Pacific salmon fisheries' biodiversity underpins indigenous food security
By Justin Wong
A study led by Simon Fraser University researchers Holly Nesbitt and Jonathan Moore has found evidence that biodiversity in salmon fisheries can positively support the food security of indigenous peoples.
The researchers found that fisheries with access to high population diversity had up to 3.8 times more stable catch and three times longer seasons than fisheries with access to fewer populations.
Nesbitt, who gathered data while completing her master’s degree in the School of Resource and Environmental Management (REM), says the researchers examined indigenous fisheries with different “salmon-folios.”
“Like a well-balanced financial portfolio that can smooth market fluctuations, fisheries that caught a more diverse portfolio of salmon populations and species were more stable through time,” says Nesbitt.
This study, published in the Journal of Applied Ecology, suggests that protecting fine-scale salmon diversity will help promote food security for indigenous people.
“One of the surprising findings was that catch stability was mainly driven by hidden population diversity within salmon species, while the number of different salmon species had a smaller effect,” says Nesbitt.
While large salmon watersheds like the Fraser River contain five species of Pacific salmon including Chinook and sockeye, there can also be dozens of locally adapted and genetically-unique populations of salmon within each species.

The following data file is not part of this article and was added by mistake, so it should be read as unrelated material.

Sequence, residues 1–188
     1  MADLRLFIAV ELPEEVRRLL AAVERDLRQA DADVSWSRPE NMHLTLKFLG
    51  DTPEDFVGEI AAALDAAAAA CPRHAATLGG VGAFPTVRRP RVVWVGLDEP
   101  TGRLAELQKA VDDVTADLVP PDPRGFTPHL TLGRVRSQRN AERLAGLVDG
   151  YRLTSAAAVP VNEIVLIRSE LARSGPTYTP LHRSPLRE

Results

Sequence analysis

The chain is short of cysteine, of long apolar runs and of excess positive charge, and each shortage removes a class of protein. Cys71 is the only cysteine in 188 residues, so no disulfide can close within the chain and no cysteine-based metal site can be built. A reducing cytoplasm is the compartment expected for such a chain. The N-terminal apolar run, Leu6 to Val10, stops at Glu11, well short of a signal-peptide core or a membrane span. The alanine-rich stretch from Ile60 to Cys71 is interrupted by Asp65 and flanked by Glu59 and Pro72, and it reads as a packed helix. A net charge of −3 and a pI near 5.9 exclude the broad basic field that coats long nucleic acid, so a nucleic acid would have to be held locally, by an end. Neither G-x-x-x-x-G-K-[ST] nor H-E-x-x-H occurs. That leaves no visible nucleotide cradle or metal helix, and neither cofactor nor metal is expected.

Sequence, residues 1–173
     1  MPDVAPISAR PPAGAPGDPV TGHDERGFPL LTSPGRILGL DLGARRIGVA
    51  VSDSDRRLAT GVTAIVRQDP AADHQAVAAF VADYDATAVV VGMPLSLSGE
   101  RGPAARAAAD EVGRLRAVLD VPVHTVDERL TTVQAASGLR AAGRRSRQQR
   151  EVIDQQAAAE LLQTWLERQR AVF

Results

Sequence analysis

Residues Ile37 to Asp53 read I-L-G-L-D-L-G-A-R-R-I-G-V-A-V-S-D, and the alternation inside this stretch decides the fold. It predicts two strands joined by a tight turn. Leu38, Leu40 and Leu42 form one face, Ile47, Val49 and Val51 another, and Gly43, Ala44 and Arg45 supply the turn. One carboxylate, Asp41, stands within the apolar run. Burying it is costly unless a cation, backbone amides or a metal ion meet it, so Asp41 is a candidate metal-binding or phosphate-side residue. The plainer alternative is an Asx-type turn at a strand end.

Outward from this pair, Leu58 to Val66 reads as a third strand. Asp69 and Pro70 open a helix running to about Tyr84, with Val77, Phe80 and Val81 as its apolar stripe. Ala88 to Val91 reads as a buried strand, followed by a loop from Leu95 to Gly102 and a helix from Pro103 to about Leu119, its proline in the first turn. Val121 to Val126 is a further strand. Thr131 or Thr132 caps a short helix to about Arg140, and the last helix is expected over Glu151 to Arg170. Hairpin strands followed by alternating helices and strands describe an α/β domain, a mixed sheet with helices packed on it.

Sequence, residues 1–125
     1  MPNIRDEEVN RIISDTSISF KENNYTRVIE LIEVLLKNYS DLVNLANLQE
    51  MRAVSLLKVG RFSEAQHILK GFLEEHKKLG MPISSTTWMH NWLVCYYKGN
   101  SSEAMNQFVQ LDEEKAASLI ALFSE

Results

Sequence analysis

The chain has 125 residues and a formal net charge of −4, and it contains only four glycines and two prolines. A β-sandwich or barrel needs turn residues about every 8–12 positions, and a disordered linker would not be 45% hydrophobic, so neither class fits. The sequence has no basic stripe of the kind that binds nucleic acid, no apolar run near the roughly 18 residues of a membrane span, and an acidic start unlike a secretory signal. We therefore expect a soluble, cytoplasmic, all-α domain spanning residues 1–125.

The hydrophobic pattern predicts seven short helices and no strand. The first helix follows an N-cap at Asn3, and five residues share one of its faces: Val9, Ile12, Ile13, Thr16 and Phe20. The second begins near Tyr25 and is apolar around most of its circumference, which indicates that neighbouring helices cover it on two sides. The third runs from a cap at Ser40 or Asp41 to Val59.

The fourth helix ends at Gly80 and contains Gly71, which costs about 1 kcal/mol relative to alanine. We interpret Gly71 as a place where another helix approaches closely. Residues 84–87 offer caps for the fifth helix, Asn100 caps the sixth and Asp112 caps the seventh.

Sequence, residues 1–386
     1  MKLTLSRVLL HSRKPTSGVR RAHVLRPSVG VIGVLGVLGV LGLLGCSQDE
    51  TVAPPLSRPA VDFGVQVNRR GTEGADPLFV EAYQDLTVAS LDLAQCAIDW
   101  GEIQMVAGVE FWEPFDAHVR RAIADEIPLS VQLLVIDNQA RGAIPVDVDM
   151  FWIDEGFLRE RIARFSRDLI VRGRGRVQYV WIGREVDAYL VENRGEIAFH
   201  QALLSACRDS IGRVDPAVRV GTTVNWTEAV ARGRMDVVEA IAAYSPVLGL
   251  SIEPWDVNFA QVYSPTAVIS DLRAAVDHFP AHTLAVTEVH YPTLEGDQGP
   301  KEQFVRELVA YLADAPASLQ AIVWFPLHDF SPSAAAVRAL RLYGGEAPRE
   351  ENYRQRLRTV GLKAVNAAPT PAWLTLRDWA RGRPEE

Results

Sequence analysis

Nesbitt and Moore analyzed 30 years of Fisheries and Oceans Canada catch data from salmon fisheries located in indigenous communities throughout the Fraser River watershed. The researchers then examined the degree to which species-level and population-level diversity underpin aspects of food security.
“We know that climate change is making the world increasingly volatile; this research illustrates how protecting existing biodiversity can help dampen this variability and support food security for indigenous peoples,” says Moore, a professor in both the Department of Biological Sciences and REM.
“On the other hand, these findings also indicate that loss of salmon biodiversity can increase the volatility of fisheries, even if they are hundreds of km downstream.”
According to First Nations and political leaders, this study provides further evidence for why protecting salmon habitat can pay dividends.
Bob Chamberlin, vice-president of the Union of BC Indian Chiefs and chairman of the First Nation Wild Salmon Alliance, says protecting broad genetic diversity in Wild Salmon stocks will help provide for our future generations.
Port Moody-Coquitlam MP Fin Donnelly adds: “Moore’s and Nesbitt’s research clearly demonstrates diversity is key, especially when it comes to salmon survival,” says “The study verifies the necessity of habitat protection.”
If you would like to learn more about the event please visit the links below:
Globe and Mail - Salmon runs with more diversity provide best catches, study finds
Vancouver Sun - Salmon diversity improves catch for First Nations, SFU study finds